The paper adds to several others invalidating the vast prior literature on the effects of "acidification" as overblown due to biased, artificial laboratory conditions [often just putting sulfuric acid in an aquarium] that don't correctly simulate the buffering effects of a natural environment.
|Calcifying plankton [foraminifera]|
Biogeosciences, 11, 1581-1597, 2014
1GEOMAR Helmholtz Centre for Ocean Research Kiel, Wischhofstrasse 1–3, 24148 Kiel, Germany
2University of Angers, Laboratoire des Bio-Indicateurs Actuels et Fossiles, LPG-BIAF, UMR6112 CNRS, 2 Boulevard Lavoisier, 49045 Angers, France
3Petroleum Geoscience Programme, Department of Chemical Engineering, University of the West Indies, St. Augustine, Trinidad and Tobago
4GEOMAR Helmholtz Centre for Ocean Research Kiel, Hohenbergstrasse 2, 24105 Kiel, Germany
Abstract. Calcifying foraminifera are expected to be endangered by ocean acidification; however, the response of a complete community kept in natural sediment and over multiple generations under controlled laboratory conditions has not been constrained to date. During 6 months of incubation, foraminiferal assemblages were kept and treated in natural sediment with pCO2-enriched seawater of 430, 907, 1865 and 3247 μatm pCO2. The fauna was dominated by Ammonia aomoriensis and Elphidium species, whereas agglutinated species were rare. After 6 months of incubation, pore water alkalinity was much higher in comparison to the overlying seawater. Consequently, the saturation state of Ωcalc was much higher in the sediment than in the water column in nearly all pCO2 treatments and remained close to saturation. As a result, the life cycle (population density, growth and reproduction) of living assemblages varied markedly during the experimental period, but was largely unaffected by the pCO2 treatments applied. According to the size–frequency distribution, we conclude that foraminifera start reproduction at a diameter of 250 μm. Mortality of living Ammonia aomoriensis was unaffected, whereas size of large and dead tests decreased with elevated pCO2 from 285 μm (pCO2 from 430 to 1865 μatm) to 258 μm (pCO2 3247 μatm). The total organic content of living Ammonia aomoriensis has been determined to be 4.3% of CaCO3 weight. Living individuals had a calcium carbonate production rate of 0.47 g m−2 a−1, whereas dead empty tests accumulated a rate of 0.27 g m−2 a−1. Although Ωcalc was close to 1, approximately 30% of the empty tests of Ammonia aomoriensis showed dissolution features at high pCO2 of 3247 μatm during the last 2 months of incubation. In contrast, tests of the subdominant species,Elphidium incertum, stayed intact. Our results emphasize that the sensitivity to ocean acidification of the endobenthic foraminifera Ammonia aomoriensis in their natural sediment habitat is much lower compared to the experimental response of specimens isolated from the sediment.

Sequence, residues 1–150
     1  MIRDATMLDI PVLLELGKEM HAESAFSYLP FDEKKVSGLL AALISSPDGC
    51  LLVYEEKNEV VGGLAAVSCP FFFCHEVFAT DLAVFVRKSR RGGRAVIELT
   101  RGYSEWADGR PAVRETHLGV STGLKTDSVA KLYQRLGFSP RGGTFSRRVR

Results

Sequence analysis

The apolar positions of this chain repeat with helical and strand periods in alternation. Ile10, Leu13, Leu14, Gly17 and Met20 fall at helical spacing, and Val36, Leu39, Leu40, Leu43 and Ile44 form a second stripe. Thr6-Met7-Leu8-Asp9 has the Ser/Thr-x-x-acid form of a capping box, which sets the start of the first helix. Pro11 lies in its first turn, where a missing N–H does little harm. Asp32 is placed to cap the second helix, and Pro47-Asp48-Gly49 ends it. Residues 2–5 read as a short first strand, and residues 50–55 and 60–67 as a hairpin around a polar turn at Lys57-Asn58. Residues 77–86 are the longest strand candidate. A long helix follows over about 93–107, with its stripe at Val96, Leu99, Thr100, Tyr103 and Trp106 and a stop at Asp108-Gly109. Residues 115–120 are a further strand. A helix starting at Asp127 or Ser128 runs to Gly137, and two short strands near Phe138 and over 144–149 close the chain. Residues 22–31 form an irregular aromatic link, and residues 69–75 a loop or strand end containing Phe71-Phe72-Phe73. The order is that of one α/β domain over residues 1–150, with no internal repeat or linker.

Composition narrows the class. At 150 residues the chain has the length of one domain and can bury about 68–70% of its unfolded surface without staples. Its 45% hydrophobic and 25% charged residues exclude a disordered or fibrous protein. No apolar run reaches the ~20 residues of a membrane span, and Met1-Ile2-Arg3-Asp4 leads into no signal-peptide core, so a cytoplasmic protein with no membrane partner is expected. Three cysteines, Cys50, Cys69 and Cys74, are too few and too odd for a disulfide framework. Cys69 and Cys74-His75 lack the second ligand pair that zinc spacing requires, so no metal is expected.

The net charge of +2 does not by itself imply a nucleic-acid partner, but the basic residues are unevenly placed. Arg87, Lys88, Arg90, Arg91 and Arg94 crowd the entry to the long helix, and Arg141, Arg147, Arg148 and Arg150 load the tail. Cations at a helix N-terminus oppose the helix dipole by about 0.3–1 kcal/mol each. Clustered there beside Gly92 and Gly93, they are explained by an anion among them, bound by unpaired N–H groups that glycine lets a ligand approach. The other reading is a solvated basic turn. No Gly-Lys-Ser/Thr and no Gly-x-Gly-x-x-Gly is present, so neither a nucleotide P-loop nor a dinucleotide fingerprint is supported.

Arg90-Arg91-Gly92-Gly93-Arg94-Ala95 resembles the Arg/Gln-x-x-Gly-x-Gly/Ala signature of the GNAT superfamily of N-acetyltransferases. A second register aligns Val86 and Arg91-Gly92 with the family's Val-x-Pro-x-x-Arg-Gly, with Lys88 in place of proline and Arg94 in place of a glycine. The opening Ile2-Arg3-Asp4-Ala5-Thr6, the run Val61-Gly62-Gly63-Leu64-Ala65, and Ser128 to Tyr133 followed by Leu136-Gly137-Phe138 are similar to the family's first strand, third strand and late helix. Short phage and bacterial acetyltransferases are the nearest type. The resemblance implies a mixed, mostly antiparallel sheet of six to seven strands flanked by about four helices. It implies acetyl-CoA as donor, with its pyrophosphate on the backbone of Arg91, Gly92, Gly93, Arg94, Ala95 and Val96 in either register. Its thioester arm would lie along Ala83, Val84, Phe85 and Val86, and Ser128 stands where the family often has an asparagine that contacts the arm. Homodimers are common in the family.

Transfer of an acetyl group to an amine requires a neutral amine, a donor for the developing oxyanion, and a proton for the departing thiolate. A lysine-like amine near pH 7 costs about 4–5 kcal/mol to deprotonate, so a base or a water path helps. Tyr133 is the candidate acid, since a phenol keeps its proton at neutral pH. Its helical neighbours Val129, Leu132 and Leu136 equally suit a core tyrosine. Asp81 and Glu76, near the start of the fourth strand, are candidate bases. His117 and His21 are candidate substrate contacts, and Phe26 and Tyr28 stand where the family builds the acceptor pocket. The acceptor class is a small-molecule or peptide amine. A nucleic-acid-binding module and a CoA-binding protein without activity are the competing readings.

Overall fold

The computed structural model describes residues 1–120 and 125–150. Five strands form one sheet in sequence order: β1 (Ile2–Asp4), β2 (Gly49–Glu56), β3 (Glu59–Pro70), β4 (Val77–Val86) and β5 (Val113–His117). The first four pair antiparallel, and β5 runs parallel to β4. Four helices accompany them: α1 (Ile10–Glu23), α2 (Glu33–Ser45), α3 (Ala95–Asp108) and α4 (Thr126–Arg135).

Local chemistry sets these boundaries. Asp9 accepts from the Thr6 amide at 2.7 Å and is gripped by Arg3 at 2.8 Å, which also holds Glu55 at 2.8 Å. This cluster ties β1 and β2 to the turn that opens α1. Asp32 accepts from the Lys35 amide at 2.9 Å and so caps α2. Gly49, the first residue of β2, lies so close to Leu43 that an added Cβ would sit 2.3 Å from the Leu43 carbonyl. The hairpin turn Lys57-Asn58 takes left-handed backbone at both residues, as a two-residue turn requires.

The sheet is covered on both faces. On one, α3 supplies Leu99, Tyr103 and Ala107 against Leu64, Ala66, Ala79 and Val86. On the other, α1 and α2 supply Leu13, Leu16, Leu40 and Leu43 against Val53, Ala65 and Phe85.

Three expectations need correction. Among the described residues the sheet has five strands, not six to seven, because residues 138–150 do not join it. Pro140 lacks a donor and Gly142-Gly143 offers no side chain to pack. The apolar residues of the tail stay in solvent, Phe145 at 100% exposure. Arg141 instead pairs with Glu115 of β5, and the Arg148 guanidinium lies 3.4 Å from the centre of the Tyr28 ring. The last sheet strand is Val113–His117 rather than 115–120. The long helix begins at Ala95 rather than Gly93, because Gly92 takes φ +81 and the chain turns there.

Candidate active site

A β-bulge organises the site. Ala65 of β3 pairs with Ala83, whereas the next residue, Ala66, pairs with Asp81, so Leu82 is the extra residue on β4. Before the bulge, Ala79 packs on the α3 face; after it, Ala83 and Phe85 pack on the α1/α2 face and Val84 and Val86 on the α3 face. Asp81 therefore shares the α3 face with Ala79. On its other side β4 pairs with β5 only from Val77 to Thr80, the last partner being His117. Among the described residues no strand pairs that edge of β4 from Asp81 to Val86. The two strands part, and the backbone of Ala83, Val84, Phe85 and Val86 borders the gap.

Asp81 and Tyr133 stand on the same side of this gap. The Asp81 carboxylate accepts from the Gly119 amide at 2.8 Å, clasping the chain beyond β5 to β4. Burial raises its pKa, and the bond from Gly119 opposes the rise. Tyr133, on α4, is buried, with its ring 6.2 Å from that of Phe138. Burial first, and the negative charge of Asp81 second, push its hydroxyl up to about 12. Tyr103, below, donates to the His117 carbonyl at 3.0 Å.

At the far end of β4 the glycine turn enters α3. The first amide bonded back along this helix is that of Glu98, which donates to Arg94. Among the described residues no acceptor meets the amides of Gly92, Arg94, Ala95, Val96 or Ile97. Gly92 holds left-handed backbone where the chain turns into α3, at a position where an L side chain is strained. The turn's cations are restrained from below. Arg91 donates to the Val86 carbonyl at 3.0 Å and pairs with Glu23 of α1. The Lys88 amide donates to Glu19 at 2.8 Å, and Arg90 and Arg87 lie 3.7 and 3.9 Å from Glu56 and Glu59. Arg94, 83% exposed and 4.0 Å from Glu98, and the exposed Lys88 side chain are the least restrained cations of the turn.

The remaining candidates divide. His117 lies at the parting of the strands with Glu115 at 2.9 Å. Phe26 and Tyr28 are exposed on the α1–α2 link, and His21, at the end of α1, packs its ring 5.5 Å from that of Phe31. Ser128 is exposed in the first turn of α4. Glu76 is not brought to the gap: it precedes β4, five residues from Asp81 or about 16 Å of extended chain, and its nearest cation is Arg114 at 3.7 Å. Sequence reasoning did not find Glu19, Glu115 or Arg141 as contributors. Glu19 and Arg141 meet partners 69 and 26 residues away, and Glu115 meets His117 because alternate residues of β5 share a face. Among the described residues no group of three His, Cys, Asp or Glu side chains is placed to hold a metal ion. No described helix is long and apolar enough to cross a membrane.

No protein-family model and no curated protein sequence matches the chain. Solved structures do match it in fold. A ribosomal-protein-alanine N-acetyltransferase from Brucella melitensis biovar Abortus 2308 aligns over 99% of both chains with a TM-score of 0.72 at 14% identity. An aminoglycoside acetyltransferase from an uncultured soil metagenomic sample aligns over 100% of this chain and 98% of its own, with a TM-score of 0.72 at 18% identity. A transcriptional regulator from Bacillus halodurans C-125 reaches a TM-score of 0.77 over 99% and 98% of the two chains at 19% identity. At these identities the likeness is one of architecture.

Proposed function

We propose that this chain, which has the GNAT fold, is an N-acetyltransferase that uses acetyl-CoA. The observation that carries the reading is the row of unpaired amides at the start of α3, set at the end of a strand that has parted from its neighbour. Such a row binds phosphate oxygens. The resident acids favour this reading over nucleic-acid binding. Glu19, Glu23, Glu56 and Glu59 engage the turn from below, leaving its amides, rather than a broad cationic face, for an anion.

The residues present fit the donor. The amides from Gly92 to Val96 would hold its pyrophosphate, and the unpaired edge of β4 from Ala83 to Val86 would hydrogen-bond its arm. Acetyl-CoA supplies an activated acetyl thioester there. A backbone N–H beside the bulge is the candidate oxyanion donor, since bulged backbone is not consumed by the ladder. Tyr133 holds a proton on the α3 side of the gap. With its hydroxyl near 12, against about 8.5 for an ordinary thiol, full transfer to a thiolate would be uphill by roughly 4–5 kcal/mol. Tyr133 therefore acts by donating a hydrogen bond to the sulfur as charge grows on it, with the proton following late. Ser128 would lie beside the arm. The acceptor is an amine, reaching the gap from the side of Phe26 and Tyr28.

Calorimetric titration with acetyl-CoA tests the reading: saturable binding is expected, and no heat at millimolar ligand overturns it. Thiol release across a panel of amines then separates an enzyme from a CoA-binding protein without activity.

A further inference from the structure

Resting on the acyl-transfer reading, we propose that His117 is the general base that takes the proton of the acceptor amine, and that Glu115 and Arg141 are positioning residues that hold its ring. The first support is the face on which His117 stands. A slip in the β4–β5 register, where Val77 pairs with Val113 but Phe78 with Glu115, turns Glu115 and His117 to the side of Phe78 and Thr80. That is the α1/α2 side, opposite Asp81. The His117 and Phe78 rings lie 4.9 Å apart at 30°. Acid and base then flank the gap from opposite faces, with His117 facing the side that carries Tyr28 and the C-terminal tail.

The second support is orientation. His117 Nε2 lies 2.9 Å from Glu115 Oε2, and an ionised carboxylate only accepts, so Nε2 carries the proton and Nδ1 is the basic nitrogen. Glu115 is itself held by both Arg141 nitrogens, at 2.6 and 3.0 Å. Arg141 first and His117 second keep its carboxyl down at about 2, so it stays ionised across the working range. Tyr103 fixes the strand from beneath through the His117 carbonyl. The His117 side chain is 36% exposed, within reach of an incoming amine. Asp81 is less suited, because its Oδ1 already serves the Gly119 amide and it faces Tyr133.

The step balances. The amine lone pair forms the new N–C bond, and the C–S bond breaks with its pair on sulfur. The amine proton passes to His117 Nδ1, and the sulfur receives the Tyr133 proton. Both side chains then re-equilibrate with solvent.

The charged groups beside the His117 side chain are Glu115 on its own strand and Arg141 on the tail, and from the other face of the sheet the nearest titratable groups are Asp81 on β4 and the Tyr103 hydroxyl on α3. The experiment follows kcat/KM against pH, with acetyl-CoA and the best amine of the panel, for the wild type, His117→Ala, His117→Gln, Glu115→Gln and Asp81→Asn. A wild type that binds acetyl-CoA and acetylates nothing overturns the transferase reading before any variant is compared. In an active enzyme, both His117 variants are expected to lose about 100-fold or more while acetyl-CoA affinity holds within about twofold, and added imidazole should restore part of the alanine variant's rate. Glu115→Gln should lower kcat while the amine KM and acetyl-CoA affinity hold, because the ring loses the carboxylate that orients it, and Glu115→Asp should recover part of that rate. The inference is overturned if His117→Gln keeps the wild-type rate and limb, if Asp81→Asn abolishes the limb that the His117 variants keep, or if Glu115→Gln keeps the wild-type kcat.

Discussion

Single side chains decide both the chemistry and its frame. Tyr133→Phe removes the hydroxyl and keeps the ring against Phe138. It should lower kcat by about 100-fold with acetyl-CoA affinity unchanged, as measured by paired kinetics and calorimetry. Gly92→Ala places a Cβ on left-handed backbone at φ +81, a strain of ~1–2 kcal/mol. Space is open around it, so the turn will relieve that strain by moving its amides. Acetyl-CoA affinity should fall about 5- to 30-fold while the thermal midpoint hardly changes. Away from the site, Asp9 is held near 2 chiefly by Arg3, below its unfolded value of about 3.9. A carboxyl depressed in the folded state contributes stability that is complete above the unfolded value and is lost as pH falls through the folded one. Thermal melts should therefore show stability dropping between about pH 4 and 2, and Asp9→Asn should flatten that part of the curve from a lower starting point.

I'm so impressed when "learned" scientists cannot tell the difference between and acid and a base. The ocean is in the base range. It cannot become "more acidic" when it's not acidic in the first place. Given this lack of honesty/knowledge, it's small wonder it's predicted that CO2 will harm the ocean. Good to see someone looking at natural habitat and not just lab specimens.ReplyDelete
That's not the point. All water solutions have H+ ions and OH- ions. "More acid" just means more H+ ions and fewer OH- ions. It has nothing to do with the artificial names "acid" or "base". The point is, the change in pH is lower, whether from 9 to 8 or from 5 to 4.ReplyDelete